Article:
Once Upon a Time

SnowWhiteCastle…the stories were told by static images and the written word; fantastic worlds and amazing characters drawn upon the pages of books.  Within these tomes anything could happen: ancient curses could be broken, a pauper could become a sultan, and a beauty could love a beast.  But the adventures that occurred in these magical kingdoms were perpetually stuck in place, frozen in a world where no movement could occur.  How surprising that the means to push a tale forward in these books was the key to break the spell.  Just by turning some pages rapidly, a hero could travel across the paper and stride towards destiny.

It was incredible: the picture-books of my youth were given life and now all of these stories could play out on the big screen.  Once I better understood the techniques of animation, I would tear through our family’s office supplies and scavenge for notepads to transform into flipbooks.  I was captivated by the process of taking a stack of drawings and turning them into a cartoon.  Even though my flipbooks were never more than stick figures performing random movements(such as jump-kicks or getting eaten by tigers), the studios I admired perfected the art form, culminating in what are now referred to as the “Disney Classics.”

UpFredricksonAs technology advanced in leaps and bounds through the years, cartoons also improved over time.  Environments grew dense with detail and characters became even more life-like on the screen.  But it feels like something was lost in Disney’s transition from hand-drawn to computer generated animation.  It was not so much that the stories were any worse for the upgrades.  One need only to Pixar’s amazing films to know that the tales have not suffered in the move to the third dimension.  It just seems as though the magic potion that once overflowed from the films had diminished to a light sprinkle of fairy dust.  Perhaps the songs have not been as catchy, or the hyper-realistic animation has ventured too deep into the uncanny valley.  Or maybe (just maybe), I cannot appreciate the whimsy of cartoons with the harsh eyes of an adult.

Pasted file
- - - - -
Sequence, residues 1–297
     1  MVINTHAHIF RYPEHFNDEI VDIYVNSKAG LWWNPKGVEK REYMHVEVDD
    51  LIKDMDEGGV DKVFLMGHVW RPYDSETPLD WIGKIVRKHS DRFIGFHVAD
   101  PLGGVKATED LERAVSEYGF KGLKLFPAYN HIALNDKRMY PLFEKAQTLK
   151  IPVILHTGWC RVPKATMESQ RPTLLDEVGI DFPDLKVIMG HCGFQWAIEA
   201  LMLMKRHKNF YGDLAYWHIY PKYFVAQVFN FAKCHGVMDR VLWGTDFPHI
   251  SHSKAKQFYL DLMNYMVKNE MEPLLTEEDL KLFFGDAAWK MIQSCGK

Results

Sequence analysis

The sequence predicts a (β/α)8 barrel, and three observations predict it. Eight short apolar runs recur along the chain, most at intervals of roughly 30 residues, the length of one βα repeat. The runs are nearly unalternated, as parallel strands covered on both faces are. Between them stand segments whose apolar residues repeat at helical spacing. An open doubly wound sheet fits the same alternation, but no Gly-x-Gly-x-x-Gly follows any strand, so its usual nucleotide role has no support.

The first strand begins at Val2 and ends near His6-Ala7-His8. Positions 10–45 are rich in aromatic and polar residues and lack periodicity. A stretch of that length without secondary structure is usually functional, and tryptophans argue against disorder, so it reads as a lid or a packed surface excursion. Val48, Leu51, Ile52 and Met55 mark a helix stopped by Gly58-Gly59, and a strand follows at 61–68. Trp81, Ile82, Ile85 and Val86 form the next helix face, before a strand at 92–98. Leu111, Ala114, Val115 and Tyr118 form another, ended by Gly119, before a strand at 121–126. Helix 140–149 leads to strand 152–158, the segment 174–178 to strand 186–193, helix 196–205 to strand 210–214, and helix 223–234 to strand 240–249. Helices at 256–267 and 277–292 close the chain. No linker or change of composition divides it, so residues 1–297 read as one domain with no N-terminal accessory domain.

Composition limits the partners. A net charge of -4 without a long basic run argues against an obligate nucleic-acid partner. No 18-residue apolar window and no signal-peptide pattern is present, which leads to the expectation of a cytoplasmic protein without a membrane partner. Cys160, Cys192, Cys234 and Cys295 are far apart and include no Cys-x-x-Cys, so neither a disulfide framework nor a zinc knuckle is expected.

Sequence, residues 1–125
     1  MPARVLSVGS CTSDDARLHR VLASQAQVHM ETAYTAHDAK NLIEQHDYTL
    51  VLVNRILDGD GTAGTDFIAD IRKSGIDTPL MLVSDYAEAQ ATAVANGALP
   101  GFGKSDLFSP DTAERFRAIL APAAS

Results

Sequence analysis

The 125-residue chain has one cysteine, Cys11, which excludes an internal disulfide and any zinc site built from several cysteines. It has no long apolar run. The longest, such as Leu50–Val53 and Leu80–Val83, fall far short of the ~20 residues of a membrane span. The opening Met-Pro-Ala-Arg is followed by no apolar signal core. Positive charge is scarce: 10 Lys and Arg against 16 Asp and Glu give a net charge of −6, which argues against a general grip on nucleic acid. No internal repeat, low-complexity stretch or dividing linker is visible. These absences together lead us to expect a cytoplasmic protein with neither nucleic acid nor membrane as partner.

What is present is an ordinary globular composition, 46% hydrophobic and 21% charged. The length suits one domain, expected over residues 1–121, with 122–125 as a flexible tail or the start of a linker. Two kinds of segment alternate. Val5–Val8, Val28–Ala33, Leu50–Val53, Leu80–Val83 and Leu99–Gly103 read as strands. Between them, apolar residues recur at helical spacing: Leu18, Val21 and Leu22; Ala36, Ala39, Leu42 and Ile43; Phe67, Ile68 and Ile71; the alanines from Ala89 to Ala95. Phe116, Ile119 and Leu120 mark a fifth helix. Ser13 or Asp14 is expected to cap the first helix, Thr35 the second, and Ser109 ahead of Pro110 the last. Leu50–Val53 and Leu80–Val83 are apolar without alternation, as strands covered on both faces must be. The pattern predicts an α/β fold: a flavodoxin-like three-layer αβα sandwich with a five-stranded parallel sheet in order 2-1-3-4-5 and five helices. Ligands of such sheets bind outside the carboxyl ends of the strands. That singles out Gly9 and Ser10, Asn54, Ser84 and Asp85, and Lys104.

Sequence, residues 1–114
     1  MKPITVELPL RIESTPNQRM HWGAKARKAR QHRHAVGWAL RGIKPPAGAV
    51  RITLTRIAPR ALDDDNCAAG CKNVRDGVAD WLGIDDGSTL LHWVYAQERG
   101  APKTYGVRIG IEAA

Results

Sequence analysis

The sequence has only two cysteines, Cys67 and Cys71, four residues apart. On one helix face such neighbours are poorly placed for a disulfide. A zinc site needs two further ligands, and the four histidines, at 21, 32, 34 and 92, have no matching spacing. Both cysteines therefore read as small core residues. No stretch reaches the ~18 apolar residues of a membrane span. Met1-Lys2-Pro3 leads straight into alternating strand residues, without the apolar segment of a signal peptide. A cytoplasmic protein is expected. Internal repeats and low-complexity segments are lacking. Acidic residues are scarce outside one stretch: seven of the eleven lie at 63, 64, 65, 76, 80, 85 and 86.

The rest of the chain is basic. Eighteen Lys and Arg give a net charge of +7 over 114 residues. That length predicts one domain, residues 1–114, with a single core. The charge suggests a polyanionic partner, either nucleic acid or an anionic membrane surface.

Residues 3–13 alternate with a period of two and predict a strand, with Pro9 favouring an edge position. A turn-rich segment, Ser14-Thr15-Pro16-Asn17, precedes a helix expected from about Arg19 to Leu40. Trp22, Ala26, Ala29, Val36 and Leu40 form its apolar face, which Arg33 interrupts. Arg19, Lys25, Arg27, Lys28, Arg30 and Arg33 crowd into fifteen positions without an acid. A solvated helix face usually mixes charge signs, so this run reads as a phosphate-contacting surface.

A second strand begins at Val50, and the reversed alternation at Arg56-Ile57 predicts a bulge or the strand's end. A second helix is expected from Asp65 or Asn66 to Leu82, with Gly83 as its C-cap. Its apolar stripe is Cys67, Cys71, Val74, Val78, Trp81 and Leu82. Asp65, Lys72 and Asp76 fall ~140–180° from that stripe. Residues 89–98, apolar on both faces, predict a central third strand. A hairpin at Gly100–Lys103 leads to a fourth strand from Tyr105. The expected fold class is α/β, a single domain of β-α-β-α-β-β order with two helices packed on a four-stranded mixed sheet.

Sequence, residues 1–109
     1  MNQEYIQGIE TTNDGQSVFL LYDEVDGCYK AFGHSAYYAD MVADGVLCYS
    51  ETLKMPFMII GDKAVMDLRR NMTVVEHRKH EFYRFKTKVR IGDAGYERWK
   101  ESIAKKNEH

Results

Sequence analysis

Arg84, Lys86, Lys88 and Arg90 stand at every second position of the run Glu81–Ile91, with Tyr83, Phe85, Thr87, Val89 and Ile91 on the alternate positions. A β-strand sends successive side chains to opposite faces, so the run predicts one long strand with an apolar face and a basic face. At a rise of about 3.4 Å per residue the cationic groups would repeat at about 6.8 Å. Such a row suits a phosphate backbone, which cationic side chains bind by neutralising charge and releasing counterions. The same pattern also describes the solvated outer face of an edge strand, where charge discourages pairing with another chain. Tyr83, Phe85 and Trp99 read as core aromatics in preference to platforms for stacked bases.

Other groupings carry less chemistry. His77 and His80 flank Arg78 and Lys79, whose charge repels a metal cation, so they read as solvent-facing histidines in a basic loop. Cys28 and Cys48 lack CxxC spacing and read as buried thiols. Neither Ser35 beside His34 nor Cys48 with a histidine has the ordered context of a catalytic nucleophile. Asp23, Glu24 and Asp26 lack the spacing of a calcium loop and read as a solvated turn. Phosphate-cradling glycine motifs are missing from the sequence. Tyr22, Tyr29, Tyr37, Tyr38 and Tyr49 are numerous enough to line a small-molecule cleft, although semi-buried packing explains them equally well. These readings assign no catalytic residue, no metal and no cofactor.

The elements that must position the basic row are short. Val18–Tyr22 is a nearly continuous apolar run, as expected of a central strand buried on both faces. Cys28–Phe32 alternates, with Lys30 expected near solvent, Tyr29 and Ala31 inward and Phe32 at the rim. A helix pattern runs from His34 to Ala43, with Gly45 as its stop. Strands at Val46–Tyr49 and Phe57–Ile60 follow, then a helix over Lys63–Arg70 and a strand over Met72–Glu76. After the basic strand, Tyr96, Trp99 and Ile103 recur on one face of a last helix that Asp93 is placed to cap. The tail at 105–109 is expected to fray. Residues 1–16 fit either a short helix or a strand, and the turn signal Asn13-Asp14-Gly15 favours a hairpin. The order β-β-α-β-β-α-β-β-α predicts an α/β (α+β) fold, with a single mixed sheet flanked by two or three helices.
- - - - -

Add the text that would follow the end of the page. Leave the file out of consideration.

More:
Whatever the case, the joy of Disney’s movies will always remain in the hearts of those who saw these classics initially released.  This month, Laura and I will be watching some of the films that put Disney on the map, accompanied by playing the video games that were companions to the movies.  So think a happy little thought, and be our guest for some Disney magic.

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2 thoughts on “Once Upon a Time

  1. Tyler Murphy says:

    I look forward to your posts on this. Disney games, while not amazing, are still some real classics of my own youth, just like the movies.

    And I do agree with you, there is something lost. Though I am pretty sure it’s just a mix of nostalgia and our own age, I would also like to believe that there is something intrinsically different to hand-drawing a feature length movie versus doing it all digitally. I can’t say for sure what that quality may be though, because it certainly isn’t anything like love, passion, talent, or creativity, since you can find all of those qualities in Pixar’s work.

    I just don’t know!

  2. Sam Leung says:

    I’m also looking forward to whatever you write on this topic! Like so many people, there will always be a special place in my heart for the Disney movies I watched when I was a kid. They have this whimsical quality, this magic that I haven’t seen replicated elsewhere. Maybe it’s because unlike modern animated movies, the focus was never on realism or even a version of real life (good as movies like Monsters Inc. are), Disney movies always took you on a journey into the most wonderful and exotic worlds that they created. The only limit was the limit of your imagination. In a sense I guess most Disney movies encompassed what being a child was really like – that whimsical-ness, the exploration, the magic and excitement. If that makes any sense!

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